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Prepare to Vote for "City of the Future"

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Courtesy UrbanLab (top); Courtesy ARO (middle); Courtesy Eric Owen Moss (bottom).


This fall The History Channel pulled off a thought-provoking promotion by inviting an array of U.S. architects to make no small plans. Corresponding with the series Engineering an Empire, the network hosted three events in which architects competed against each other to propose a “city of the future.”

New York, Chicago, and Los Angeles served as case studies for the designers. A shortlist of competitors was given just one week to conjure up a vision of their subject city 100 years from now, and realize it in renderings, models, and explanatory text. The city challenges began in late October when 10 New York teams were selected for the marathon charette, which culminated in presentations at Grand central Terminal; the first-round exercises ended December 12 with the L.A. contest. Each of the three winners was awarded $10,000, and the trio is now up for a national honor that would double the purse.

Anxiety over global warming informed most of the New York entries, yielding several schemes for artificial archipelagoes. The winning entry from Architecture Research Office also presumed a need for radical coping mechanisms: In its luminescent model of a 22nd-century Big Soggy Apple, a new building type, called a “vane,” replaces the capacity lost from streets flooded by rising seas.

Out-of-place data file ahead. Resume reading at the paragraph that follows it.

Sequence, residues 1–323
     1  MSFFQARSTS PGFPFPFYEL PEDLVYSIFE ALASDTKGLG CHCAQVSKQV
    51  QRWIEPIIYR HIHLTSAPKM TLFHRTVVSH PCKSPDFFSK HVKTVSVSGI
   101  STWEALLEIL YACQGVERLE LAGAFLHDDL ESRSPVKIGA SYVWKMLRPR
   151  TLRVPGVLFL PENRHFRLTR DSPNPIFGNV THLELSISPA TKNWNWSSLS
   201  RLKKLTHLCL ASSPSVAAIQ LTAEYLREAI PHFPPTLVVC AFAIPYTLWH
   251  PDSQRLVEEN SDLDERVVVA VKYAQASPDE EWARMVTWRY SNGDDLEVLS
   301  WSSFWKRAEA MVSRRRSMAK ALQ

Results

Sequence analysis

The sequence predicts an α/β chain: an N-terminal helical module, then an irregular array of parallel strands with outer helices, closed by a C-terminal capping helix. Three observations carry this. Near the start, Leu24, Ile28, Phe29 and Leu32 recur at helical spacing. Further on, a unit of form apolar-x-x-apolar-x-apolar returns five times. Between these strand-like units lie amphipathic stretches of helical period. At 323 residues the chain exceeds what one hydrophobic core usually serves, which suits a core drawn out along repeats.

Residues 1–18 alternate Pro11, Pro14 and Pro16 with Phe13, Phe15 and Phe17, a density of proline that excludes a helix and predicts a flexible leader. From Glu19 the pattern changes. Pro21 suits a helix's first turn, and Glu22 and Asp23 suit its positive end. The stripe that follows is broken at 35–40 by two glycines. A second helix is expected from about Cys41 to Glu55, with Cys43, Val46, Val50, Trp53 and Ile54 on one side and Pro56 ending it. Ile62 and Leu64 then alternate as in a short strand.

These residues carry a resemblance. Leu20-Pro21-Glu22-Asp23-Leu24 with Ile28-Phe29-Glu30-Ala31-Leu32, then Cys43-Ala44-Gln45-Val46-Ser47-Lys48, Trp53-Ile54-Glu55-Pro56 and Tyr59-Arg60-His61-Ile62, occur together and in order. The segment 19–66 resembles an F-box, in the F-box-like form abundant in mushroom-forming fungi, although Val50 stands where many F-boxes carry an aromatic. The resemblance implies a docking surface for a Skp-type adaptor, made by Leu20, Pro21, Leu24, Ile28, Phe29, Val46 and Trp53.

The platitude “Water, water, everywhere” inspired Chicago’s representative, if to very different ends. UrbanLab’s project, “Growing Water,” grapples with increasing demand for ever-dwindling supplies of fresh water. A series of “Eco-Boulevards” would treat waste and storm water using natural filters, such as micro-organisms and fish, ultimately closing the city’s water loop. The plan seems entirely possible but for some amazing feats of eminent domain, in part because the city counts several massive park and water-engineering projects as precedents.

While melting glaciers threaten to inundate Los Angeles, too, Eric Owen Moss Architects’ winning submission looked at the future through a social lens. Calling the city’s infrastructure racially and economically divisive, the firm’s namesake unveiled a plan to “build over, under, around, and through the freeways, rivers, power grids, and tracks, to use the existing rights of way as the foundations for new, innovative construction.”

National voting takes place online from January 2–February 2 at To aid Web surfers in gauging the three finalists against competition criteria, the site will include commentary from architect Daniel Libeskind, FAIA, the national juror. The victor will be announced in mid-February.

David Sokol